According to a tech blog post from Netflix, the company's recommendation engine drives 75% of content viewership for the service.
In 2006, the company announced its Netflix Prize, a machine learning and data mining competition regarding movie rating prediction. Netflix offered a $1 million prize to see who could come up with the best recommendation algorithm, and BellKor's Pragmatic Chaos team went on to win, with a 10% improvement over Cinematch on the test subset. Since the contest came to a close, Netflix now asserts that "everything is a recommendation," from a straightforward Top 10, to unorthodox, super-specific genres, like "Imaginative Time Travel Movies From The 1980's."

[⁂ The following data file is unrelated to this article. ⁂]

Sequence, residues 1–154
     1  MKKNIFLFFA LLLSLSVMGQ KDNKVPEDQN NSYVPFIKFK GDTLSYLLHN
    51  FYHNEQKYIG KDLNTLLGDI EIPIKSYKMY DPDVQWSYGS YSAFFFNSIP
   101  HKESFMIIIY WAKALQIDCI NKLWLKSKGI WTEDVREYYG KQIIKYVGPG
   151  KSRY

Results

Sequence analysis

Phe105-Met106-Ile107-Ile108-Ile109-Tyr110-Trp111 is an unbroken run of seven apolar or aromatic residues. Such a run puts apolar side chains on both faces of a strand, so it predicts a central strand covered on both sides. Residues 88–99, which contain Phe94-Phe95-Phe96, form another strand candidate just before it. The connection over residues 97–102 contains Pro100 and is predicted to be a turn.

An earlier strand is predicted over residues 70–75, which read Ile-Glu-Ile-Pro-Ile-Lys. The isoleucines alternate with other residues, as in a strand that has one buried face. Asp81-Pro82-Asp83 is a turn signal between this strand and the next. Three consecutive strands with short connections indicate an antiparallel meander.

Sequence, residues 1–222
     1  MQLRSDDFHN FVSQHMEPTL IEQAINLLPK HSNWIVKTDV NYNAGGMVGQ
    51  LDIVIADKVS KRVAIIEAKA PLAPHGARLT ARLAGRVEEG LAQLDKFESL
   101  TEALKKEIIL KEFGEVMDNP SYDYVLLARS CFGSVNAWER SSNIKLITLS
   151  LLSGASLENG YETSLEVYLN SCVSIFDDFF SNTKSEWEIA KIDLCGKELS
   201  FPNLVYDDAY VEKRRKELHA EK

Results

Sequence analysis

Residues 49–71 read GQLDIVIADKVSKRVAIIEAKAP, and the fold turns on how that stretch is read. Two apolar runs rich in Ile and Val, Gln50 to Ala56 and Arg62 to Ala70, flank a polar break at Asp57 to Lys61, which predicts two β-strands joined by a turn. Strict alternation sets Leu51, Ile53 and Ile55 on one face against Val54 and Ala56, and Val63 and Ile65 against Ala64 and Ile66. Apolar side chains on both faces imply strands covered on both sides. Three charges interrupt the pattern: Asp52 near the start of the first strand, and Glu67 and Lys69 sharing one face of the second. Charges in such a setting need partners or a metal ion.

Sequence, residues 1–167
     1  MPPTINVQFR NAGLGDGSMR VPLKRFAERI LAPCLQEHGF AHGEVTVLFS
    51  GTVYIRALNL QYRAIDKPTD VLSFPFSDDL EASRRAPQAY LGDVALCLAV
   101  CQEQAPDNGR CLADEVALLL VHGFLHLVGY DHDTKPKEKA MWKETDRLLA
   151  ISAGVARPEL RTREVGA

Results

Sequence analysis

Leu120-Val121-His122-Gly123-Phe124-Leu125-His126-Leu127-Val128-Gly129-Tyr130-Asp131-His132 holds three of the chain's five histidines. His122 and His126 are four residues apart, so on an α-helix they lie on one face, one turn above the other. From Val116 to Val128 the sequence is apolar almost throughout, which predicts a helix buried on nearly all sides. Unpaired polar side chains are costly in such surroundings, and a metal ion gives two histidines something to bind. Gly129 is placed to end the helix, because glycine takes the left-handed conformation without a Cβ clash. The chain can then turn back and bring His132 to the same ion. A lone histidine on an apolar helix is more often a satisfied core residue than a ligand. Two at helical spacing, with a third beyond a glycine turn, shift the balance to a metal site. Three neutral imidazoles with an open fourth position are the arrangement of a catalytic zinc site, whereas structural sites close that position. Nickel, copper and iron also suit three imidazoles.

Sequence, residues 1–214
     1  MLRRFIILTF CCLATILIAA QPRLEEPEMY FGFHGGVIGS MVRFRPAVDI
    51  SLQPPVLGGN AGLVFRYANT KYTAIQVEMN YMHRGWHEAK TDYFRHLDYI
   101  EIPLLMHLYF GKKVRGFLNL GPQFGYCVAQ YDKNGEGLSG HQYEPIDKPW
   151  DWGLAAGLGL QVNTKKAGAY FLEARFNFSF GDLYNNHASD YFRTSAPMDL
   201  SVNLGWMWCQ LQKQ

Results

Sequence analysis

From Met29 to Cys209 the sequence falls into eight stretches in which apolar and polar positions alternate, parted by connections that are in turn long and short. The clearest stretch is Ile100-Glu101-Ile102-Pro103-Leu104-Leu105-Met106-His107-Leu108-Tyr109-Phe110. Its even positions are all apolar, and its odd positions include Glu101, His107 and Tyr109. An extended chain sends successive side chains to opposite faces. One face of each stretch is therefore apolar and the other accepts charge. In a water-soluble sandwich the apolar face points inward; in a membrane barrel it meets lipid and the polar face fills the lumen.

When Netflix displays content under a recommended genre, the movie picks are personalized three times, "the choice of genre itself, the subset of titles selected within that genre, and the ranking of those titles." Basically, the algorithm will take into account the diversity of customer's household, and account for different tastes of various members, along with their possible mood based on previous viewing choices. The system also caters to a user's awareness - Netflix offers relative explanations to its recommendations, prompting the viewers to trust the service. Finally, similarity, freshness and current movie ranking are also taken into account in recommendations.
With the focus of the recommendation engine being so personalized, it's not hard to believe that the service makes up large part of the general Netflix viewership.